NalandaU is a wonderful site of reference and study for educators, parents and high school/university students wishing to brush up on subject matter knowledge, explore new areas of interest and connect with subject-specific enthusiasts around the world. Course topics range from the American Novel to the History of Economic Thought to Mobile Application Development (see more courses here).
Tags: Anna Batchelder, Bon Education, Can do attitude, ePals, italki, John Mackey, langauge learning, Livemocha, Lulu, New Yorker, panwapa, Scribd, self publishing, Storybird, student motivation, Whole Foods, writing
[tweetmeme] Recently while reading a back issue of the New Yorker, I came across a piece titled, “FOOD FIGHTER: Does Whole Foods’ C.E.O. know what is best for you?” While learning about the eccentric and seemingly contradictory nature and political views of the CEO of my favorite grocery chain, one paragraph forced me to pause and fold down the corner of page 40:
In high school, Mackey was an indifferent student, a late bloomer, puberty-wise, and a fanatic about basketball, science fiction, and girls. Before his senior year, he was cut from the varsity basketball team, and he persuaded his parents to move so that he could switch schools and play. “That changed my life, because for the first time I realized that if you didn’t like the hand you were dealt you didn’t just have to feel sorry for yourself. You could do something about it.”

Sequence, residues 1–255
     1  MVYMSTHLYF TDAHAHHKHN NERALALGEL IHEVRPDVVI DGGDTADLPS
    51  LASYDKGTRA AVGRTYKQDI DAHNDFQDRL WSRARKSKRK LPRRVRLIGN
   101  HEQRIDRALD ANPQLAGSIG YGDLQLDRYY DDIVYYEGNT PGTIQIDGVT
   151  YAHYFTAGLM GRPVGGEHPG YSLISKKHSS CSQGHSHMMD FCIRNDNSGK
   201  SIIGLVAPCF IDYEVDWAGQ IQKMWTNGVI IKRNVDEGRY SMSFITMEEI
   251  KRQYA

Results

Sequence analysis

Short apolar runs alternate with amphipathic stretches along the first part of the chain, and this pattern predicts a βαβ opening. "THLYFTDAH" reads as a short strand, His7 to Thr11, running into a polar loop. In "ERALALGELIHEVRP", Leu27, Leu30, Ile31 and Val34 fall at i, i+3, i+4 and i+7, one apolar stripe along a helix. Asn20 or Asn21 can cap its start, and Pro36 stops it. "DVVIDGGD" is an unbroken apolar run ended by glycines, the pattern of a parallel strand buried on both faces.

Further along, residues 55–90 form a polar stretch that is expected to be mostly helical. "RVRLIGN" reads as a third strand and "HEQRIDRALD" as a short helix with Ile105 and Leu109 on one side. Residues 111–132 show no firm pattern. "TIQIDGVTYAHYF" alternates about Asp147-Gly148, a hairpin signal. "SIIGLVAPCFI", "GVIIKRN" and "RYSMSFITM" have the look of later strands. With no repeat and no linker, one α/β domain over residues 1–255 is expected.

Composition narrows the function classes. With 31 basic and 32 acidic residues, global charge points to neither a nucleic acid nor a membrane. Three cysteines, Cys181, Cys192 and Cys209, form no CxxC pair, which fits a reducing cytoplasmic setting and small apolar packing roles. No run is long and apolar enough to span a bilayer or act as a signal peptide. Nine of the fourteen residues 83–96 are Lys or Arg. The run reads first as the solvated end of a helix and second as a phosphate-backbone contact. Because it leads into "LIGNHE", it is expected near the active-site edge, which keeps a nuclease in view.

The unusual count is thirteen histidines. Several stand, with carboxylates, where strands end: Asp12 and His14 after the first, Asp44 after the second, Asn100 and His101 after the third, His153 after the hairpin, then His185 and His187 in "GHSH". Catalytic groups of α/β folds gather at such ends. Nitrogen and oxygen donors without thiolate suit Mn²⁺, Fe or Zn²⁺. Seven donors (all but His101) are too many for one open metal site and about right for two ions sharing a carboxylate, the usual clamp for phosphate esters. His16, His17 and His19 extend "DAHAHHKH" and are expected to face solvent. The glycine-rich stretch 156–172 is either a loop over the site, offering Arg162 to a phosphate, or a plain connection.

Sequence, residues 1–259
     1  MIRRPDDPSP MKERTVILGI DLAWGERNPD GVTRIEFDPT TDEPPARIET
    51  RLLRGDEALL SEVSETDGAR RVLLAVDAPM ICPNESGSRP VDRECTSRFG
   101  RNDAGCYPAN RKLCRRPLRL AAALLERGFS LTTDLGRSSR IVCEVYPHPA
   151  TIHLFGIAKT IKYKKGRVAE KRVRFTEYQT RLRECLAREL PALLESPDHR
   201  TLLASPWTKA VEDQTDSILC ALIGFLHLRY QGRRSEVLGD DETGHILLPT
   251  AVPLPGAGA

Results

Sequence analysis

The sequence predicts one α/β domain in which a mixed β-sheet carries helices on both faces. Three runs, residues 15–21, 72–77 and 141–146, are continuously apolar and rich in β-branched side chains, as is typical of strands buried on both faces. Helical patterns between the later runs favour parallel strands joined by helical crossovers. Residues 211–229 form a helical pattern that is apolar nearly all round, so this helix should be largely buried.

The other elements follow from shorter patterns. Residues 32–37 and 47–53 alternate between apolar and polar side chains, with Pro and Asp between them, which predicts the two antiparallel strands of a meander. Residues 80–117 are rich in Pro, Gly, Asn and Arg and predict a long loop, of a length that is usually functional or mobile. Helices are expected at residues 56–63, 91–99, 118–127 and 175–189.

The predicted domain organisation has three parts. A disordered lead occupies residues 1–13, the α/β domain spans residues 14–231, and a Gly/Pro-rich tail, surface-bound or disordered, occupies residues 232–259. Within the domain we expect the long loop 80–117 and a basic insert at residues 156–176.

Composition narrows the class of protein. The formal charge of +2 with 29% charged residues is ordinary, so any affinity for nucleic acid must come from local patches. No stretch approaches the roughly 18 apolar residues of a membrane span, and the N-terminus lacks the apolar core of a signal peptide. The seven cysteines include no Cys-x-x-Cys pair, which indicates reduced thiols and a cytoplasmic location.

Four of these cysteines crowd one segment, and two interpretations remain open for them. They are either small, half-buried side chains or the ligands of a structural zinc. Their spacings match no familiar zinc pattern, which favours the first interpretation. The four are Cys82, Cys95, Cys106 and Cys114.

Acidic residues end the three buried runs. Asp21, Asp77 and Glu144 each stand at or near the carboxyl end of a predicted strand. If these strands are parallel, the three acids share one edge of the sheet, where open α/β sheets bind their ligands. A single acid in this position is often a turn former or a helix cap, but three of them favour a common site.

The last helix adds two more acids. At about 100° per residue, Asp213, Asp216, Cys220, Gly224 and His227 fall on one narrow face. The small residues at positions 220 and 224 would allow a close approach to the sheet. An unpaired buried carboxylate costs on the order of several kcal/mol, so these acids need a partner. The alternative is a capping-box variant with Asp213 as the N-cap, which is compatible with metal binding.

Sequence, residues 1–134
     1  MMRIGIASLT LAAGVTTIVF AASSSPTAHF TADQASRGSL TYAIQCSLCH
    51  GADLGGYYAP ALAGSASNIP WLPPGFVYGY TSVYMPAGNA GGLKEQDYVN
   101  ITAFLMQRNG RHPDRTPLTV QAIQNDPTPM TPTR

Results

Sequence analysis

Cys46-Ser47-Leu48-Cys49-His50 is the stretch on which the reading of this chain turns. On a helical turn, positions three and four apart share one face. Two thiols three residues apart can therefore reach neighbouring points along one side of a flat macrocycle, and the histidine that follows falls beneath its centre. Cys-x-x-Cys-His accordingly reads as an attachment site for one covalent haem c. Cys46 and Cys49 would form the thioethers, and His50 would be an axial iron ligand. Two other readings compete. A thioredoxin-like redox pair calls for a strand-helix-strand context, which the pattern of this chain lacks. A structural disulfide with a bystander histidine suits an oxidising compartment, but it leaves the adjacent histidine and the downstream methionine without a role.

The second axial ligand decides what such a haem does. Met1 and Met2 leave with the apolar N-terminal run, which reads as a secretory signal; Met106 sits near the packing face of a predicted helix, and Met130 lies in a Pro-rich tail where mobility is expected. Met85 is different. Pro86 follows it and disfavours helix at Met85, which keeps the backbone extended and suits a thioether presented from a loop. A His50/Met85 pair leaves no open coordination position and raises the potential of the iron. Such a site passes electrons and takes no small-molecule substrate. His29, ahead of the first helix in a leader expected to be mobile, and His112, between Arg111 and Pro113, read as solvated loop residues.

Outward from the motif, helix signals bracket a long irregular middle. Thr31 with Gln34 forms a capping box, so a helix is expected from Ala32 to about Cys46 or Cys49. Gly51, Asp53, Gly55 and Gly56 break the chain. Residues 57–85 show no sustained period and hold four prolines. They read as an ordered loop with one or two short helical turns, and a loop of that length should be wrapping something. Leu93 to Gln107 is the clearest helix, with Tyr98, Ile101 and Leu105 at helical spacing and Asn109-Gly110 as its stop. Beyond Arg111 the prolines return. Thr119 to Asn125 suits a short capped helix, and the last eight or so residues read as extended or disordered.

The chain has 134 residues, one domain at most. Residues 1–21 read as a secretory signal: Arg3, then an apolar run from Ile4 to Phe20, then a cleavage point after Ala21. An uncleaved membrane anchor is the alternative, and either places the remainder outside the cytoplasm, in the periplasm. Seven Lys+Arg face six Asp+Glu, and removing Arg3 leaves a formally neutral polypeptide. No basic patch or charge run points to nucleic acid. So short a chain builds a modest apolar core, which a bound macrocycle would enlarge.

You could do something about it! You could do something about it!! YOU COULD DO SOMETHING ABOUT IT!!! Or, as my father used to tell me in college, “Anna—think multiple paths. If you can’t achieve your goal one way, be prepared to try a dozen others”.
Beyond teaching skills and content, perhaps the best gifts we can give students (both children and adults) are hope, faith in their own abilities and a “can do” attitude.
Digital technologies offer so much promise when it comes to helping students pursue their passions and the multiple paths to their goals… Aspiring writers no longer have to “wait” for an agent to get noticed, but can use sites like Storybird, Scribd and LuLu to spread their words. Future diplomats can connect with children around the world using sites like Panwapa and ePals. Language lovers can learn second and third languages with LiveMocha and italki. So many apps and endless learning possibilities!
How are you using digital technologies to empower your students to pursue their learning passions?
Tags: edtech, Literacy is Priceless, Tech & Learning, writing
[tweetmeme] Thanks to Tech & Learning for giving Literacy is Priceless a shout out over the holidays! LIP has received a significant traffic as a result!
If you are short on time (who isn’t?!) and into reading edtech research summaries, take a look at Tech & Learning’s Best Practices for the Classroom page where you will find short summaries such as:
- U.K. survey reveals students’ views on writing
- Parents say schools should teach more technology skills
To technology, literacy and learning!